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A Long Way Down Hardcover – June 7, 2005

3.6 out of 5 stars 418 customer reviews

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Editorial Reviews

From Publishers Weekly

Starred Review. If Camus had written a grown-up version of The Breakfast Club, the result might have had more than a little in common with Hornby's grimly comic, oddly moving fourth novel. The story opens in London on New Year's Eve, when four desperate people—Martin, a publicly disgraced TV personality; Maureen, a middle-aged woman with no life beyond caring for her severely disabled adult son; Jess [...]; and JJ, an American rocker whose music career has just ended with a whimper—meet on the roof of a building known as Toppers' House, where they have all come to commit suicide. Bonded by their shared misery, the unlikely quartet spends the night together, telling their stories, getting on each others' nerves even as they save each others' lives. They part the following morning, aware of having formed a peculiar sort of gang. As Jess reflects: "When you're sad—like, really sad, Toppers' House sad—you only want to be with other people who are sad."It's a bold setup, perilously high-concept, but Hornby pulls it off with understated ease. What follows is predictable in the broadest sense—as the motley crew of misfits coalesces into a kind of surrogate family, each individual takes a halting first step toward creating a tolerable future—but rarely in its particulars. Allowing the four main characters to narrate in round-robin fashion, Hornby alternates deftly executed comic episodes—an absurd brush with tabloid fame, an ill-conceived group vacation in the Canary Islands, a book group focused on writers who have committed suicide, a disastrous attempt to save Martin's marriage—with interludes of quiet reflection, some of which are startlingly insightful. Here, for example, is JJ, talking about the burden of understanding that he no longer wants to kill himself: "In a way, it makes things worse, not better.... Telling yourself life is shit is like an anesthetic, and when you stop taking the Advil, then you really can tell how much it hurts, and where, and it's not like that kind of pain does anyone a whole lot of good."While the reader comes to know all four characters well by the end of the novel, it's Maureen who stands out. A prim, old-fashioned Catholic woman who objects to foul language, Maureen is, on the surface, the least Hornbyesque of characters. Unacquainted with pop culture, she has done nothing throughout her entire adult life except care for a child who doesn't even know she's there and attend mass. As she says, "You know that things aren't going well for you when you can't even tell people the simplest fact about your life, just because they'll presume you're asking them to feel sorry for you." Hornby takes a Dickensian risk in creating a character as saintly and pathetic as Maureen, but it pays off. In her own quiet way, she's an unforgettable figure, the moral and emotional center of the novel. This is a brave and absorbing book. It's a thrill to watch a writer as talented as Hornby take on the grimmest of subjects without flinching, and somehow make it funny and surprising at the same time. And if the characters occasionally seem a little more eloquent or self-aware than they have a right to be, or if the novel turns just the tiniest bit sentimental at the end, all you can really fault Hornby for is an act of excessive generosity, an authorial embrace bestowed upon some characters who are sorely in need of a hug.175,000 first printing.(June)Tom Perrotta's most recent novel, Little Children, has just been published in paperback by St. Martin's Griffin.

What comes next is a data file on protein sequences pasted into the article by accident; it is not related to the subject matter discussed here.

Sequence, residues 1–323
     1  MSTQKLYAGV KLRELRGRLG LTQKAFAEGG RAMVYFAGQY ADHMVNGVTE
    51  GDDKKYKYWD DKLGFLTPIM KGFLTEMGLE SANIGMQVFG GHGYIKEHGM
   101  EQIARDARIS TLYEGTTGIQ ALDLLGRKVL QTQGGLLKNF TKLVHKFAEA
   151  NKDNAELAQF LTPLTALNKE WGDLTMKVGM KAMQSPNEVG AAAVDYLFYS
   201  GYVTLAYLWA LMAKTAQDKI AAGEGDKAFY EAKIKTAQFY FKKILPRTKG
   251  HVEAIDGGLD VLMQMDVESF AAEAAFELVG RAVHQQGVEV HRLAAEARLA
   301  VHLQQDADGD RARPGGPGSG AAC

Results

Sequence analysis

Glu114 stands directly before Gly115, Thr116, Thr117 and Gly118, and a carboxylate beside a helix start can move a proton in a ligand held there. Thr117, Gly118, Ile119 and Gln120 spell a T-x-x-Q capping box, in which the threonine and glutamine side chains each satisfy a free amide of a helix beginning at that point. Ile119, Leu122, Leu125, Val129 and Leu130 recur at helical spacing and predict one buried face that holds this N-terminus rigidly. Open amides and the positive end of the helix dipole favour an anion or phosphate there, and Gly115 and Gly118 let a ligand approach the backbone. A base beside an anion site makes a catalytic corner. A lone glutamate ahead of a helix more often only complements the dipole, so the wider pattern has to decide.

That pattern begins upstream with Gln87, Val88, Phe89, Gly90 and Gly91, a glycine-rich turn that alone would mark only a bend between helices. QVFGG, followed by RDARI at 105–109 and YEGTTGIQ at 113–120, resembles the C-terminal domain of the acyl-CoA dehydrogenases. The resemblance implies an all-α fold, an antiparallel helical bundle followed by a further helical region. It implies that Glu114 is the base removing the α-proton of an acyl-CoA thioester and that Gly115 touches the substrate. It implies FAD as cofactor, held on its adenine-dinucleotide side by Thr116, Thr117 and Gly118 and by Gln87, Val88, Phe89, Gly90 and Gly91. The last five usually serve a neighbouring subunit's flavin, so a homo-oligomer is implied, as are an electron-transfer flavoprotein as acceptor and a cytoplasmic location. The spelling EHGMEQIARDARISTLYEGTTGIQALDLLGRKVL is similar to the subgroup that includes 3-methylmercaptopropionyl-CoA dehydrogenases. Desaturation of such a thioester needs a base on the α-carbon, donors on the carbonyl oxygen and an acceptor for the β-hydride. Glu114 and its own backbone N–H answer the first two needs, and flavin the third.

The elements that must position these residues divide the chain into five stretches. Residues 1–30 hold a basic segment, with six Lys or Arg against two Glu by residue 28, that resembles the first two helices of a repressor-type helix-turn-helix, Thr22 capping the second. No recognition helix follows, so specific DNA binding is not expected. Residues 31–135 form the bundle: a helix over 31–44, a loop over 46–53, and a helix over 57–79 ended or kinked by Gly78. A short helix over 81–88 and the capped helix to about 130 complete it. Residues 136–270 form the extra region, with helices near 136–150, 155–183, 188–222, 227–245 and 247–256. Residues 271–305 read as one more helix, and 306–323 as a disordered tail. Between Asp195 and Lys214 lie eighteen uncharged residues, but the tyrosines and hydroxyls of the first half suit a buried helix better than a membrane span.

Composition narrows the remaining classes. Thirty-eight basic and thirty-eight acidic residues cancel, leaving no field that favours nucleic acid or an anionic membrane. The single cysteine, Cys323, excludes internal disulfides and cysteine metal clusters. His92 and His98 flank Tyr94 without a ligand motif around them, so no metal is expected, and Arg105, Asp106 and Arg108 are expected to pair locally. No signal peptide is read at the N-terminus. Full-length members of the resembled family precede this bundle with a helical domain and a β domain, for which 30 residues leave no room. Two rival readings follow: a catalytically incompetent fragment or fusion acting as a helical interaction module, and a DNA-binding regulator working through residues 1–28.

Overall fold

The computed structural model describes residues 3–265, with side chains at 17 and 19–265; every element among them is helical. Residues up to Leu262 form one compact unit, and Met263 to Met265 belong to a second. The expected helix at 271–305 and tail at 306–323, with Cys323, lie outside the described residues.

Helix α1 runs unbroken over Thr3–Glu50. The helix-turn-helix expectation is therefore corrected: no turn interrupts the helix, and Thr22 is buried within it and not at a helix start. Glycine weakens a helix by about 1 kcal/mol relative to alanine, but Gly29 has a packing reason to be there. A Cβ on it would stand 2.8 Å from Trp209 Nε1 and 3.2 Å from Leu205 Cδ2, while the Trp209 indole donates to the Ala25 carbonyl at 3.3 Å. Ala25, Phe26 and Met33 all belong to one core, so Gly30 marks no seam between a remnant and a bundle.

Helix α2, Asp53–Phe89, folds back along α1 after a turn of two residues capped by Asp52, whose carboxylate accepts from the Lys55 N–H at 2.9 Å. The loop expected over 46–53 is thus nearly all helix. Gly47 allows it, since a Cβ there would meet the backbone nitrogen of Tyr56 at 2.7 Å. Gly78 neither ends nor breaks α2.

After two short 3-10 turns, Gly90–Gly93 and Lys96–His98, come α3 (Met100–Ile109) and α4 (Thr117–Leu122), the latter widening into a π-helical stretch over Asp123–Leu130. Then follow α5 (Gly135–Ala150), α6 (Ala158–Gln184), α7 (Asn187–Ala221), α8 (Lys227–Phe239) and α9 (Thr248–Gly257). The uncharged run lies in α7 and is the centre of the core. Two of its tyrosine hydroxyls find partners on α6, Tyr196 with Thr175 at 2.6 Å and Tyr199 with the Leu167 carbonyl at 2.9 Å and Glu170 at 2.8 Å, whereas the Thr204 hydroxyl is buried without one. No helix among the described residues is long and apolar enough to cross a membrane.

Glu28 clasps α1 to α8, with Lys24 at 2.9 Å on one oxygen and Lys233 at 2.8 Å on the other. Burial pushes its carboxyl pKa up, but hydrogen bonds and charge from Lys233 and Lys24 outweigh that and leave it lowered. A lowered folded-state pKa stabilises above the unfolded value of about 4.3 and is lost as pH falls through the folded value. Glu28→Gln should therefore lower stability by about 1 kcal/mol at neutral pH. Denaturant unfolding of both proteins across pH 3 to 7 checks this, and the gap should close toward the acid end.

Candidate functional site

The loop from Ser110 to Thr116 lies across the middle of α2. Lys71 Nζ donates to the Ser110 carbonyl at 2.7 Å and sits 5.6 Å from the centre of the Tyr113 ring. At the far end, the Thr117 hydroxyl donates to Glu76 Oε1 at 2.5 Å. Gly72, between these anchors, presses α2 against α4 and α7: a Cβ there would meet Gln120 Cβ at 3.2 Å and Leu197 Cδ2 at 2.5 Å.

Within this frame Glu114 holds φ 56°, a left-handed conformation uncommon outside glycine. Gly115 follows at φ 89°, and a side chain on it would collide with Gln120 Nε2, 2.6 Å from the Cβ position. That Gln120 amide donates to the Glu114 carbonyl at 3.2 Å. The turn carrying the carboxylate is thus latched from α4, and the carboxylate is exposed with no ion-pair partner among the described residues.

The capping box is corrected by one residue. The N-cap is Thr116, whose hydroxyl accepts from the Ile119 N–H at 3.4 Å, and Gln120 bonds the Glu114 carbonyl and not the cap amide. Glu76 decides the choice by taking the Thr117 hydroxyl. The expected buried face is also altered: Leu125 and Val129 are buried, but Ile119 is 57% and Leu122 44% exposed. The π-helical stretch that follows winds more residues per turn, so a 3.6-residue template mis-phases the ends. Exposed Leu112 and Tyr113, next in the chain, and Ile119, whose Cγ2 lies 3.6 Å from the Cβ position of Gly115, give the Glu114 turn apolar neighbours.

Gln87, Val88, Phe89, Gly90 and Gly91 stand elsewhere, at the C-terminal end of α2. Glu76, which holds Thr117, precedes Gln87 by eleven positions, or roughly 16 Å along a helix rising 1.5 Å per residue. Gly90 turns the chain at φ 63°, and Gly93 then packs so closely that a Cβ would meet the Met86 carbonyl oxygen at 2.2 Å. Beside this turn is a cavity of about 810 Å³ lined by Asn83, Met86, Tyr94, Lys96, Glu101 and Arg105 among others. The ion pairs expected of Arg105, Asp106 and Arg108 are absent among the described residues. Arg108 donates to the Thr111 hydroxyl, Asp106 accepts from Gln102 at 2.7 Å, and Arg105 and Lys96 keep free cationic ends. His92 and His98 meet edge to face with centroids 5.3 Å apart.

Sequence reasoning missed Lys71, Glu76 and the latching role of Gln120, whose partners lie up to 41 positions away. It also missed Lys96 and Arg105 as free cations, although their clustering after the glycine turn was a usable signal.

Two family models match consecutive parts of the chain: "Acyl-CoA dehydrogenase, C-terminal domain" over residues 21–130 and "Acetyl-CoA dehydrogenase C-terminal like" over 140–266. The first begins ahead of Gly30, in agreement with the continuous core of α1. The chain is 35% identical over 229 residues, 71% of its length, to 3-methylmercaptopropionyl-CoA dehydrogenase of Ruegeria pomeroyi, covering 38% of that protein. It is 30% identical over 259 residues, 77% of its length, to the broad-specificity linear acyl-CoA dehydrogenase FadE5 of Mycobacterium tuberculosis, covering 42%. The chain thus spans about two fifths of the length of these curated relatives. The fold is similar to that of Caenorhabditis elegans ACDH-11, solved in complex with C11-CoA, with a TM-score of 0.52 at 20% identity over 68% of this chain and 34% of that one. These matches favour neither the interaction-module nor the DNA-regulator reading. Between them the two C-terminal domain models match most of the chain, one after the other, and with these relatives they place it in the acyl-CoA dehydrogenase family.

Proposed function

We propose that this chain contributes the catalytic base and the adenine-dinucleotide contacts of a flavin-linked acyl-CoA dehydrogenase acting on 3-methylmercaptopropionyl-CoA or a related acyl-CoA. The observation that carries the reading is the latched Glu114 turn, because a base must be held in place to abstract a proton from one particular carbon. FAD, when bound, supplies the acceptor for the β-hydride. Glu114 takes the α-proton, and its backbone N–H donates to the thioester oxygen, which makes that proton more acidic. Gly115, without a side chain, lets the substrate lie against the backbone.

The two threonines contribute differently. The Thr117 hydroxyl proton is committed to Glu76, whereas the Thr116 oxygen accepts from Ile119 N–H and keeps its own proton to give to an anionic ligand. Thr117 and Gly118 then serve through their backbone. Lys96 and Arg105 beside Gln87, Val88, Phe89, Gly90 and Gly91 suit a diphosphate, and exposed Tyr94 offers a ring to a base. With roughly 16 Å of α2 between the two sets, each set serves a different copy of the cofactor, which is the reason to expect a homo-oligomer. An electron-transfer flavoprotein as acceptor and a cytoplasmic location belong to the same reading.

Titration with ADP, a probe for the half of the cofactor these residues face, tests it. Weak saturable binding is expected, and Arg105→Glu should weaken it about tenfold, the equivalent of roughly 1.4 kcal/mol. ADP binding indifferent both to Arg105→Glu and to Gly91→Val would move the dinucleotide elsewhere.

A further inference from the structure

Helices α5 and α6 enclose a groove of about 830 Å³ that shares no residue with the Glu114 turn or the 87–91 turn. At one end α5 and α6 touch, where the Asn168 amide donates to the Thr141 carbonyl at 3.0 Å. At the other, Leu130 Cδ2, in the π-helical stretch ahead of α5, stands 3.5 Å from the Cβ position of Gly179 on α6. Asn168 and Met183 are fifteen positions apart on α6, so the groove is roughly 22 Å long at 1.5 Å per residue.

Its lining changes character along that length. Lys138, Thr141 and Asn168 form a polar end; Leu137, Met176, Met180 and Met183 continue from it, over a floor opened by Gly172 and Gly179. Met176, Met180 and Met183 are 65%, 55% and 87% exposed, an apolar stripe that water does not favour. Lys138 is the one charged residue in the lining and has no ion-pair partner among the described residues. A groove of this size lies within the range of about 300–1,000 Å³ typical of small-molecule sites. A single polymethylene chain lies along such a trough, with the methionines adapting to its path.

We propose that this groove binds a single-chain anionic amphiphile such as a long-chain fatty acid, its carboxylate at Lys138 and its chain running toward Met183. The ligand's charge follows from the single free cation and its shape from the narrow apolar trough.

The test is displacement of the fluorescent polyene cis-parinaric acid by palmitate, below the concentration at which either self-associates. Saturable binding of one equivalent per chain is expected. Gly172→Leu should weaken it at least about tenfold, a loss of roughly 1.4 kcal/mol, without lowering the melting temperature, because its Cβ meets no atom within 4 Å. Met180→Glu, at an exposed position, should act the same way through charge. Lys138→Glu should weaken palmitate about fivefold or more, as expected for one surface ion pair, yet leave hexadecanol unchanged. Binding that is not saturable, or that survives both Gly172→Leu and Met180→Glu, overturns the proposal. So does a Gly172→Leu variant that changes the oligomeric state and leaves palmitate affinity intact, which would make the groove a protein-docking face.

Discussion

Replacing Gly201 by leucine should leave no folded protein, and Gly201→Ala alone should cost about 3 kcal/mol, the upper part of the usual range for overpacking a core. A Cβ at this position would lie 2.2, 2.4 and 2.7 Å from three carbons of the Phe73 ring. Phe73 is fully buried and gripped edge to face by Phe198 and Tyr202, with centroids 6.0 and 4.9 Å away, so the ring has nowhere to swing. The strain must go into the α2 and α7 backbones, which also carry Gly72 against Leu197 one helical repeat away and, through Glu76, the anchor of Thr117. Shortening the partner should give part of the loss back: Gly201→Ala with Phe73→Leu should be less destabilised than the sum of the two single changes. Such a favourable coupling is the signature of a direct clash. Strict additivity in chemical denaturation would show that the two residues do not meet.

Copyright © Reed Business Information, a division of Reed Elsevier Inc. All rights reserved.

From School Library Journal

Adult/High School–Four different people find themselves on the same roof on New Year's Eve, but they have one thing in common–they're all there to jump to their deaths. A scandal-plagued talk-show host, a single mom of a disabled young man, a troubled teen, and an aging American musician soon unite in a common cause, to find out why Jess (the teen) can't get her ex-boyfriend to return her calls. Down the stairs they go, and thoughts of suicide gradually subside. It all sounds so high concept, but each strand of the plot draws readers into Hornby's web. The novel is so simply written that its depths don't come to full view until well into the reading. Each character takes a turn telling the story in a distinctive voice. Tough questions are asked–why do you want to kill yourself, and why didn't you do it? Are adults any smarter than adolescents? What defines friends and family? Characters are alternately sympathetic and utterly despicable, talk-show-host Martin, particularly. The narrators are occasionally unreliable, with the truth coming from the observers instead. Obviously, a book about suicide is a dark read, but this one is darkly humorous–as Hornby usually is. Teens will identify with or loathe Jess and musician J. J., but they will also find themselves in the shoes of Maureen and Martin. This somewhat philosophical work will appeal to Hornby's fans but has plenty to attract new audiences as well.–Jamie Watson, Harford County Public Library, MD
Copyright © Reed Business Information, a division of Reed Elsevier Inc. All rights reserved.

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Product Details

  • Hardcover: 352 pages
  • Publisher: Riverhead Hardcover; 1st edition (June 7, 2005)
  • Language: English
  • ISBN-10: 1573223026
  • ISBN-13: 978-1573223027
  • Product Dimensions: 5.5 x 1.2 x 8.3 inches
  • Shipping Weight: 14.4 ounces
  • Average Customer Review: 3.6 out of 5 stars  See all reviews (418 customer reviews)
  • Amazon Best Sellers Rank: #818,377 in Books (See Top 100 in Books)

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